Among the 147 ICGA-confirmed PCVs, three or more OCT features were noted in 126 eyes (85.7%), whereas three or more OCT features were identified in 16 (13.8%) of 116 ICGA-confirmed typical exudative AMDs. The distribution of OCT features in PCV and typical exudative AMD are summarized in Tables 2 and 3. The sensitivity and specificity of the OCT-based PCV diagnosis were 85.7% and 86.2%, respectively. Twenty-one PCVs and 100 typical exudative AMDs exhibited less than three OCT features. Of these, two OCT features were noted in 14 eyes with PCV and in 14 eyes with typical exudative AMD. Among these eyes, a subfoveal choroidal thickness greater than 300 µm was observed in six eyes with PCV and in two eyes with typical exudative AMD. After applying the choroidal thickness criterion, 132 of 147 eyes (89.8%) with ICGA-confirmed PCV were diagnosed as PCV, and 18 of 116 eyes (15.5%) with ICGA-confirmed typical exudative AMD were further diagnosed with PCV. With this added criterion, the sensitivity increased from 85.7% to 89.8% and the specificity decreased from 86.2% to 84.5%.
The changes in BCVA that occurred in the eyes that underwent three consecutive monthly ranibizumab injections as an initial treatment are shown in Fig. 3. In 111 ICGA-confirmed cases of PCV, the BCVA scores at baseline and 3 and 6 months after treatment were 0.62 ± 0.07, 0.47 ± 0.45, and 0.45 ± 0.45, respectively. The BCVA values were 0.67 ± 0.59, 0.53 ± 0.51, and 0.52 ± 0.50, respectively, when PCV was diagnosed as determined by the method suggested by De Salvo et al. [7] (107 eyes) and 0.66 ± 0.58, 0.52 ± 0.50, and 0.51 ± 0.50, respectively, when PCV was diagnosed using the modified method that included choroidal thickness criteria (113 eyes). The numbers of ranibizumab injections were 3.20 ± 0.54, 3.21 ± 0.54, and 3.19 ± 0.53 in cases of ICGA-confirmed PCV, PCV diagnosed with the method of De Salvo et al. [7] and PCV diagnosed with the modified method that included choroidal thickness, respectively. There was no significant difference in the BCVA at baseline (p = 1) or after 6 months (p = 1) among the three groups.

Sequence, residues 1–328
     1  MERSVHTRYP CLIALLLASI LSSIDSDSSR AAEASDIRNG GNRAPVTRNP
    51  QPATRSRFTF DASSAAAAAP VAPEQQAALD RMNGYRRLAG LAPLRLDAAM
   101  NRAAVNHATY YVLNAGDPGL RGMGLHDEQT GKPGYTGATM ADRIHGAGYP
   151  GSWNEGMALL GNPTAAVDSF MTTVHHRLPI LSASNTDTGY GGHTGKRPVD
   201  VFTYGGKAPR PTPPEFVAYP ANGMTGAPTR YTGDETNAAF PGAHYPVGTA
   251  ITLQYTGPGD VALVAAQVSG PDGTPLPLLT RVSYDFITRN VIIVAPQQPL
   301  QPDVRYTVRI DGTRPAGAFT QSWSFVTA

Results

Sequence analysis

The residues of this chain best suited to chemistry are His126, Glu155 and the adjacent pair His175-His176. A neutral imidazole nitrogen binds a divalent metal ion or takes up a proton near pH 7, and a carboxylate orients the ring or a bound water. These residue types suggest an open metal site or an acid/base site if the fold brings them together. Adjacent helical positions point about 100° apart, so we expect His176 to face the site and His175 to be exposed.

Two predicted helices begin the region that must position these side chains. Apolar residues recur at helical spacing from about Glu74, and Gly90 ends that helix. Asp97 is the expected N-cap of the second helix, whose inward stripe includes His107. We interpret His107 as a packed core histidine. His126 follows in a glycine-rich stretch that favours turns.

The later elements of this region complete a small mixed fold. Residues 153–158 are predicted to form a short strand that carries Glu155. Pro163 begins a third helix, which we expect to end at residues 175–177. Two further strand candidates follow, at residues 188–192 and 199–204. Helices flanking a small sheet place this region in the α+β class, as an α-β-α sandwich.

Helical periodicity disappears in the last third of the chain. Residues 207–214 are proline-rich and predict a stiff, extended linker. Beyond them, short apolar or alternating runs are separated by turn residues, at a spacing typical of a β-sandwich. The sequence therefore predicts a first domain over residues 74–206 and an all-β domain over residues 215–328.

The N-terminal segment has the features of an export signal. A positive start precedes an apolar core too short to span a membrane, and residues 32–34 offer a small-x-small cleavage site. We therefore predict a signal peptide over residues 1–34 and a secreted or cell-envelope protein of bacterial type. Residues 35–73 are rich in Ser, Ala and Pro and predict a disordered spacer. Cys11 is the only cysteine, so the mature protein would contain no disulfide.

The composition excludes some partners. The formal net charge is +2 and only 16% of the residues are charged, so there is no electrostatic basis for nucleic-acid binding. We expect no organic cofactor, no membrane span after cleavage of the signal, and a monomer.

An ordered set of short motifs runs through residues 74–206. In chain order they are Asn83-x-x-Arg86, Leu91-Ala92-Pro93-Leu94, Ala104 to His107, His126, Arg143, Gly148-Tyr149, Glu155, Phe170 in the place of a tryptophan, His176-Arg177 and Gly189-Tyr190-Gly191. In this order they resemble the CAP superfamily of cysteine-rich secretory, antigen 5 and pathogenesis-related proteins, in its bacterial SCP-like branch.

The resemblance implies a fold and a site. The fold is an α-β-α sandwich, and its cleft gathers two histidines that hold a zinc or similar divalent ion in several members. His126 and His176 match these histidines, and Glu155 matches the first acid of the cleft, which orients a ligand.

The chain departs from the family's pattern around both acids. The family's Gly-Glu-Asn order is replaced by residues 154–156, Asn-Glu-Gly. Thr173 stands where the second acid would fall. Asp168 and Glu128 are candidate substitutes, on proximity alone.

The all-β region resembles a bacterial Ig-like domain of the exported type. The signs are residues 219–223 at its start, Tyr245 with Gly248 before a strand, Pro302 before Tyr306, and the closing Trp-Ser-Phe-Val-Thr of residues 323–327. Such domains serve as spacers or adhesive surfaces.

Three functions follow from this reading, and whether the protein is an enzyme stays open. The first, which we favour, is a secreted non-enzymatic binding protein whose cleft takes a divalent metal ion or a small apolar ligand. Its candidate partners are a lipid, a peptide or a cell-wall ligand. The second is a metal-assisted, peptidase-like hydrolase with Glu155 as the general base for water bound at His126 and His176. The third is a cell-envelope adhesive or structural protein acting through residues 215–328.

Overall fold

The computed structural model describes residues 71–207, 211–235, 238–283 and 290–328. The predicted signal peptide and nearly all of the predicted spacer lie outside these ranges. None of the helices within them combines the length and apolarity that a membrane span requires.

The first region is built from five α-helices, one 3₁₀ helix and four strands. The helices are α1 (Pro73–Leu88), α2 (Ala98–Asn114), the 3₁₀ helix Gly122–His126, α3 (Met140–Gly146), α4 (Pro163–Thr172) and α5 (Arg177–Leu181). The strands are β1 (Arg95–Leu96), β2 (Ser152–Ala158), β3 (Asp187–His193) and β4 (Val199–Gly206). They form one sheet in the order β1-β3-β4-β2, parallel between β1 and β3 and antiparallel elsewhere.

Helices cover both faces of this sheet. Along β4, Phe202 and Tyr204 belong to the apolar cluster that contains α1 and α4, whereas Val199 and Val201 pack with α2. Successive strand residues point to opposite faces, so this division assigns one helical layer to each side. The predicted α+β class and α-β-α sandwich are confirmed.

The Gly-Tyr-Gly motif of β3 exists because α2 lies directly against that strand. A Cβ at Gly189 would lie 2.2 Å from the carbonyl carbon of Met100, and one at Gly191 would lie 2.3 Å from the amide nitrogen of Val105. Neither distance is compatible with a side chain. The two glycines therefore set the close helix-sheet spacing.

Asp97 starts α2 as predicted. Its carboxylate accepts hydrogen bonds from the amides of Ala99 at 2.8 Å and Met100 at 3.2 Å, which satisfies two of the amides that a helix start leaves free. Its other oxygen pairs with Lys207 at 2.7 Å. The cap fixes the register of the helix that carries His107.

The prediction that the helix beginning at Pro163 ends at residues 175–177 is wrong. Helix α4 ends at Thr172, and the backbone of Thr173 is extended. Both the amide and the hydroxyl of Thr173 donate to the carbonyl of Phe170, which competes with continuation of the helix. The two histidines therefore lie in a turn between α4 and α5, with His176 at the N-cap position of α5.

Discussion

In the present study, the OCT-based diagnosis of PCV proposed by De Salvo et al. [7] showed a relatively high sensitivity and specificity in Korean patients. The addition of choroidal thickness as a criterion improved the sensitivity of the method. This result is encouraging because in the present study, the OCT-based diagnosis was performed for patients regardless of the presence of visible RPED, whereas the efficacy of the method was originally determined in patients with at least one RPED [7]. The results of the present study, in conjunction with those of the previous study [7], suggest that the OCT-based diagnosis of PCV is a useful method in clinical practice, regardless of the patient's ethnicity.